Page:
Asking candidates the right questions in an interview is essential because it helps you the employer to identify whether the candidate’s behaviour, experience and skills match what is required for the job. However, some employers tend to use the interview time asking obnoxious questions that are not helpful – the type of questions that probe the candidate to go over and above to prove themselves to impress the employer, making the employer appear superior.
Asking appropriate questions not only allows you to weigh in on whether the candidate fits the job description and your company culture but also enables you to select the most suitable candidate, which in turn creates higher chances of understanding if the prospective candidate will excel in your company.
10 Questions You Should Avoid Asking Candidates
Here are 10 questions you should avoid asking candidates in an interview.
1. Where do you see yourself in five years?
This question creates a biased view that if they don’t have five year-plan, they’re not serious enough or it could cost them the job opportunity. Goals can be affected by change, the best way would be to ask how the role they’re applying for fits into their career goals.
2. What are your weaknesses?
This can affect the candidate’s focus in hopes of finding the perfect way to convey their weaknesses to you. Instead, ask them when they identified an opportunity to improve, and the result from that.
3. Out of all the candidates who applied for this position, why should we hire you?
Granted all applicants are vying for the vacant position, it is not the job seeker’s role to decide why you should hire them; it is your role to ensure they match what you’re looking for.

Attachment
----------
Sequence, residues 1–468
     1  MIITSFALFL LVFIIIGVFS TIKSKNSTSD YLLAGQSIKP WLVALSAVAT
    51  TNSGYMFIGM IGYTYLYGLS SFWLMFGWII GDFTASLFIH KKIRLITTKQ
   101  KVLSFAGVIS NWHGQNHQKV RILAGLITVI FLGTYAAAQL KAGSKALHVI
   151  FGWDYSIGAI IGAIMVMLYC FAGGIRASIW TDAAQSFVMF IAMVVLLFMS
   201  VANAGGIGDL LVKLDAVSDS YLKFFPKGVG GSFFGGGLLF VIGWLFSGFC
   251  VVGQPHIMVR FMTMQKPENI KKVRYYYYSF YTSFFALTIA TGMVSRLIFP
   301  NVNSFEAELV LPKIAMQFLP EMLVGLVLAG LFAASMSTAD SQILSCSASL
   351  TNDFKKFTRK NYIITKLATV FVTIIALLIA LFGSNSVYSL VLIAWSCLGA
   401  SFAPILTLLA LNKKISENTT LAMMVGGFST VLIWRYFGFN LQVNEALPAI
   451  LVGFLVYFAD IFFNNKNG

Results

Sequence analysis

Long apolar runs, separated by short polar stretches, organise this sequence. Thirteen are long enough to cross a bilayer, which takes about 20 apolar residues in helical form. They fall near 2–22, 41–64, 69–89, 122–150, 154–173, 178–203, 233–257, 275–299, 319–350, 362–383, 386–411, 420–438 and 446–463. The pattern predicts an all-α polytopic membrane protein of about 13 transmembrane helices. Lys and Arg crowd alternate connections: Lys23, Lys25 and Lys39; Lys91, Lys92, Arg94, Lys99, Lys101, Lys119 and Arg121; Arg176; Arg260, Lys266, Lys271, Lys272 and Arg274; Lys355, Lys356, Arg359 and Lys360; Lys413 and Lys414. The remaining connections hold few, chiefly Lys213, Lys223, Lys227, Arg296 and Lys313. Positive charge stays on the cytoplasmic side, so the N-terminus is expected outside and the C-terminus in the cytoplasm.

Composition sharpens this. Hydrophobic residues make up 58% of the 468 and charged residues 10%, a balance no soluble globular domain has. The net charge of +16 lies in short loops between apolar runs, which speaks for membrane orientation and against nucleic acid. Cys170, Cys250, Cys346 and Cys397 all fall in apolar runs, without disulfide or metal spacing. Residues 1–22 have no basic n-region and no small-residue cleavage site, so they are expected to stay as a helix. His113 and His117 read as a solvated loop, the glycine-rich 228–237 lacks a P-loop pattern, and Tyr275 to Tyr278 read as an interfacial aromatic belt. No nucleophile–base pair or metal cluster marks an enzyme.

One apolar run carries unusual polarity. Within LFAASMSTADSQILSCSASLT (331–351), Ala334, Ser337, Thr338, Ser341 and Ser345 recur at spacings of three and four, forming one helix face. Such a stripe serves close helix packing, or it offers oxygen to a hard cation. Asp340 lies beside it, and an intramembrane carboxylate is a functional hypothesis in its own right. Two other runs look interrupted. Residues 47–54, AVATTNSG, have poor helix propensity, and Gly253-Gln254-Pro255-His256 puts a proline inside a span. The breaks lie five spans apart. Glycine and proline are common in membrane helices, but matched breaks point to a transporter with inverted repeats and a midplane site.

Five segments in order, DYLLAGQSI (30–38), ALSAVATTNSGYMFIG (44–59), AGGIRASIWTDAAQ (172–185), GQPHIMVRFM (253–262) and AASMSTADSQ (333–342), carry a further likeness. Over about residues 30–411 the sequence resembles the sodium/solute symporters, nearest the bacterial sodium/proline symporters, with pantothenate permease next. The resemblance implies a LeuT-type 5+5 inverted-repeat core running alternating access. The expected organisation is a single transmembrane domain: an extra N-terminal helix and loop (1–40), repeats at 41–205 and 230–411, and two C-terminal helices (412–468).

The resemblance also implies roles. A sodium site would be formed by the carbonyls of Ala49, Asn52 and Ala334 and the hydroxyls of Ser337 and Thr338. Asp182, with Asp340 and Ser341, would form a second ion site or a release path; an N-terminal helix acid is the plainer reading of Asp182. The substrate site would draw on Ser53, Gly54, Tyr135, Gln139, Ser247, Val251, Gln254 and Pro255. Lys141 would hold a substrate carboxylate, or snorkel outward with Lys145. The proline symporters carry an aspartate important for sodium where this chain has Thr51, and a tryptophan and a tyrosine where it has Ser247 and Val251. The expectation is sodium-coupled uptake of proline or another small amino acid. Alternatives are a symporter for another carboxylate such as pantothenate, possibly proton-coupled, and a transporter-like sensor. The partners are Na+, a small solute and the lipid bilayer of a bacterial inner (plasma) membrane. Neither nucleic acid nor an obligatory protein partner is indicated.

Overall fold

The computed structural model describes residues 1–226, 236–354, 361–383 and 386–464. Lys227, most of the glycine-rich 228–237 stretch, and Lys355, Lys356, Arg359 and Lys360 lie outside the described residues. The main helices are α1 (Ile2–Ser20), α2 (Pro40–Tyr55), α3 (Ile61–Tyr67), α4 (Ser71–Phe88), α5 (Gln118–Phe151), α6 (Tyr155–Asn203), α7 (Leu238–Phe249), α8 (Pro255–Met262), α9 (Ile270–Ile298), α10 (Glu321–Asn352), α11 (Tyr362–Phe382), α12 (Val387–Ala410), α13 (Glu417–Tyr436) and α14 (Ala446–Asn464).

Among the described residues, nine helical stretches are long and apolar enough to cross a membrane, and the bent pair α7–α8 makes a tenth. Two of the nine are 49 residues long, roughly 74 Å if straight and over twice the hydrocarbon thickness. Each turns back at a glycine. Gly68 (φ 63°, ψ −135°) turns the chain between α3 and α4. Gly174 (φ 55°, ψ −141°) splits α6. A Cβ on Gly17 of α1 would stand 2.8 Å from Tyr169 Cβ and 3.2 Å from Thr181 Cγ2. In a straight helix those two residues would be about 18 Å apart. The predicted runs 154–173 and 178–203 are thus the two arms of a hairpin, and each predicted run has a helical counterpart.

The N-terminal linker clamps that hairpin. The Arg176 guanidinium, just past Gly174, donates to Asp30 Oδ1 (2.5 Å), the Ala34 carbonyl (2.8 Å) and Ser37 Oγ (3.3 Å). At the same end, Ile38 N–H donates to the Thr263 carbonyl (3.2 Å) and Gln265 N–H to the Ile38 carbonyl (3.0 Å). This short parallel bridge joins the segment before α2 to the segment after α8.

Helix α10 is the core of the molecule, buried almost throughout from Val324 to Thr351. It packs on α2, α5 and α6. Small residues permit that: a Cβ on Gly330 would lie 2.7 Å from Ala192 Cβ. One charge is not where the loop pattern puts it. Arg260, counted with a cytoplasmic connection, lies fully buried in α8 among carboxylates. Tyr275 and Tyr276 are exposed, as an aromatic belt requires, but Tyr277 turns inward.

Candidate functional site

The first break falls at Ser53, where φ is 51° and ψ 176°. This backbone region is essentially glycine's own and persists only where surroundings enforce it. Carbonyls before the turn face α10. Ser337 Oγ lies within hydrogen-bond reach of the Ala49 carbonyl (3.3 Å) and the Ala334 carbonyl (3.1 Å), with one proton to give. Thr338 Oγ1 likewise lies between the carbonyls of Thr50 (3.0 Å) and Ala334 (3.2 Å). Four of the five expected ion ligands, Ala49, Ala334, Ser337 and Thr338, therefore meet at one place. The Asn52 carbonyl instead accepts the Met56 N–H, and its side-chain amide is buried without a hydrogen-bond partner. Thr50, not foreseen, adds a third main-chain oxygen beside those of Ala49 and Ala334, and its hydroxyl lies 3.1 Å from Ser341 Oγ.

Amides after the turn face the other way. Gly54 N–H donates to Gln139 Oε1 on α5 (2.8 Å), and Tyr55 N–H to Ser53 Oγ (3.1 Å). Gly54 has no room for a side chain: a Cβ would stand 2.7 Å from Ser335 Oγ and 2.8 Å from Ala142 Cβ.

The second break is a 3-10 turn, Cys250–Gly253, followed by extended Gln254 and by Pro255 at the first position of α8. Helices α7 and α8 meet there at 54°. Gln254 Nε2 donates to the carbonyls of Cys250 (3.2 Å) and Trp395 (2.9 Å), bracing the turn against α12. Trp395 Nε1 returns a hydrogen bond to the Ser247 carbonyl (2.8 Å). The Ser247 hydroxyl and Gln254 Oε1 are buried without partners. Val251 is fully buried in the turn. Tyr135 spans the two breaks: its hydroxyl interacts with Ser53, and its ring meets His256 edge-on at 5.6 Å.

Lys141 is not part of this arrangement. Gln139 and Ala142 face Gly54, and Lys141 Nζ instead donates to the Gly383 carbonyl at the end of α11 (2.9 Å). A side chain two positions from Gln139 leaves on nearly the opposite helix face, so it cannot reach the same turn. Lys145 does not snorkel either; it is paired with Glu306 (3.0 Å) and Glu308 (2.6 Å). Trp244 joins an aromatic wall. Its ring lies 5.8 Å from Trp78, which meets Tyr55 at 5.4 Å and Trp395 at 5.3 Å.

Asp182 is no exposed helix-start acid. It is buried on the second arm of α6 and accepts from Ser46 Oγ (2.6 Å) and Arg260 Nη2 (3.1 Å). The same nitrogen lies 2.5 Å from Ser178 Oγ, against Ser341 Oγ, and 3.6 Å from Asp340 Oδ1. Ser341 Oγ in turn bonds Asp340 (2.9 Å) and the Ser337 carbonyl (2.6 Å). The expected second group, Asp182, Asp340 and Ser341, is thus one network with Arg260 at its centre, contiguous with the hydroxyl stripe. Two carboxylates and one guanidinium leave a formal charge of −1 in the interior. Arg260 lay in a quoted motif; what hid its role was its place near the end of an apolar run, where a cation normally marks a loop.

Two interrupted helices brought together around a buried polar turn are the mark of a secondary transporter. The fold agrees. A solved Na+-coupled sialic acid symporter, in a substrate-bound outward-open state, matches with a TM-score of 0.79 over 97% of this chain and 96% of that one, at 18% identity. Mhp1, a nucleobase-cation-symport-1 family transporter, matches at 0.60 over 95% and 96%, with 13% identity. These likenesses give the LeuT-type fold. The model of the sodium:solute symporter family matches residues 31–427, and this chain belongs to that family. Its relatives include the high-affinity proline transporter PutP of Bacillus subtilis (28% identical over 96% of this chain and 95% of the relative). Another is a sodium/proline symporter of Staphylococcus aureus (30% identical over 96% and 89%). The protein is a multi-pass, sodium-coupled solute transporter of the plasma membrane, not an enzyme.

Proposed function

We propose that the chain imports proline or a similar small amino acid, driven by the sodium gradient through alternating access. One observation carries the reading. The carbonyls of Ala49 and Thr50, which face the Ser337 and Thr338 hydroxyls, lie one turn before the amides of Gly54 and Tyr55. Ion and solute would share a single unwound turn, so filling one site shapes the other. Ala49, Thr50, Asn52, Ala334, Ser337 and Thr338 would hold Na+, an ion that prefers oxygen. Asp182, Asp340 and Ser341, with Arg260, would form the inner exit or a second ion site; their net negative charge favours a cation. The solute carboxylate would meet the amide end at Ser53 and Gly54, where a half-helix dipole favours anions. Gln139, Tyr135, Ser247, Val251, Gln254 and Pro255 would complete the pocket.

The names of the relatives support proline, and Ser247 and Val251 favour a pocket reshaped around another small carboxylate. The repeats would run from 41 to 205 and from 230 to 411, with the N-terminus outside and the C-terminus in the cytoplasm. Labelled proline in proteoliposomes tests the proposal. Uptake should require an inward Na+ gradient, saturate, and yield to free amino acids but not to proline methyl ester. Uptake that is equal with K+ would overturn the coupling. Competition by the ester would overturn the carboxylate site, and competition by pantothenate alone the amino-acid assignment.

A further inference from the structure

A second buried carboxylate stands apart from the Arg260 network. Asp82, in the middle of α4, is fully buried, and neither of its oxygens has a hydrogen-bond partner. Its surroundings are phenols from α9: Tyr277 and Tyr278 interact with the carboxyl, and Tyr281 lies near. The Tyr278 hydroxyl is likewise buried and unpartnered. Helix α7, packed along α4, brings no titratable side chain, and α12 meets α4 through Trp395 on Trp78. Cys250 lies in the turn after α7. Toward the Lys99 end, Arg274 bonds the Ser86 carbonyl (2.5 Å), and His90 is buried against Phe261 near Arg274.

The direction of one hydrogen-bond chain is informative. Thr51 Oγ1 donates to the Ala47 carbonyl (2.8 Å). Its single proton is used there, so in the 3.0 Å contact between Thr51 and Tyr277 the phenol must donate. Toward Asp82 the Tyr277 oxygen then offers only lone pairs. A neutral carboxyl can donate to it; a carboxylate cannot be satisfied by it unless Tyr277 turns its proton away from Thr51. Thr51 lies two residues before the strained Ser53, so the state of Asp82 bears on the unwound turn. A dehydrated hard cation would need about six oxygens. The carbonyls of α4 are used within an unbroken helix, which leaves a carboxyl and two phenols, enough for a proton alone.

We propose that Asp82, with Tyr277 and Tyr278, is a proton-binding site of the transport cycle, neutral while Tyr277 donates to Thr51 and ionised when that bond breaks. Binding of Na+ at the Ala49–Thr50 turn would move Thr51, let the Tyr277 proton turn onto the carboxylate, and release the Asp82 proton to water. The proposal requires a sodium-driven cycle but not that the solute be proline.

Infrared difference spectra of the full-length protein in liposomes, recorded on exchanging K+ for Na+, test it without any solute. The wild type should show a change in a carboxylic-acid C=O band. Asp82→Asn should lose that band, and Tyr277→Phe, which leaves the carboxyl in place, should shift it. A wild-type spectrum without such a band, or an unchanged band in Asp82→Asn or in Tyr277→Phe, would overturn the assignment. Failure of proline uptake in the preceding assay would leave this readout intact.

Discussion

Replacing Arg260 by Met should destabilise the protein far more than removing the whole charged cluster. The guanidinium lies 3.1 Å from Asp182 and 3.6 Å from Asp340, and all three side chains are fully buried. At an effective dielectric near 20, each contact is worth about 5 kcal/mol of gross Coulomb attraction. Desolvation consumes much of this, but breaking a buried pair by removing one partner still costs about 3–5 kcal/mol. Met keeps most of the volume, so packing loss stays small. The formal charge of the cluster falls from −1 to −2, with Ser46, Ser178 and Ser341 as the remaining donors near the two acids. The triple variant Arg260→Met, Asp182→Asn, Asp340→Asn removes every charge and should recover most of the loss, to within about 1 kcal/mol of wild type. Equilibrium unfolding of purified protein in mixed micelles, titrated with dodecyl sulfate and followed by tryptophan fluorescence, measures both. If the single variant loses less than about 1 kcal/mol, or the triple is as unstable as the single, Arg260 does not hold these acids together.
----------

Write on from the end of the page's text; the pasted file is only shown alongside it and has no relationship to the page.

4. What would your previous employer say about you?
Employees who are true to themselves focus on doing their job and delivering results as opposed to pleasing their employer.
5. How many sick days leave did you take in your previous job?
Questions relating to health, sickness, etc, should be avoided unless the job specifically requires the candidate’s health status.
6. What is your political affiliation?
Political preferences should be off bounds.
7. What religion do you belong to?
Just like political preferences, questions relating to religious affiliation should be avoided.
8. Are you a team player?
Do you expect the candidate to say no? Instead, ask them how they would acquaint themselves with a team that has been working together for a long time.
9. What did you hate about your previous job?
This sounds like a good question but it sets up the candidate to be negative about their former employer and it’s not helpful in filling your vacant position.
10. Are you affiliated to a union?
Workers have a right to be part of a union, and as an employer, you shouldn’t ask this question.
Final Thoughts On Questions Not To Ask Candidates In An Interview
The interview is a fundamental factor of the hiring process, however, conducting it effectively is not an easy task as it may sound; that’s why knowing what to ask and not to ask during an interview is imperative. Your talent acquisition strategy should entail a detailed interview questions framework.
Remember candidates are also interviewing you, hence, there are questions you need to stay clear off by ensuring your questions focus on the actual job and skills required for it.
How do you decide the type of questions to ask candidates in an interview? We would like to hear from you in the comment section.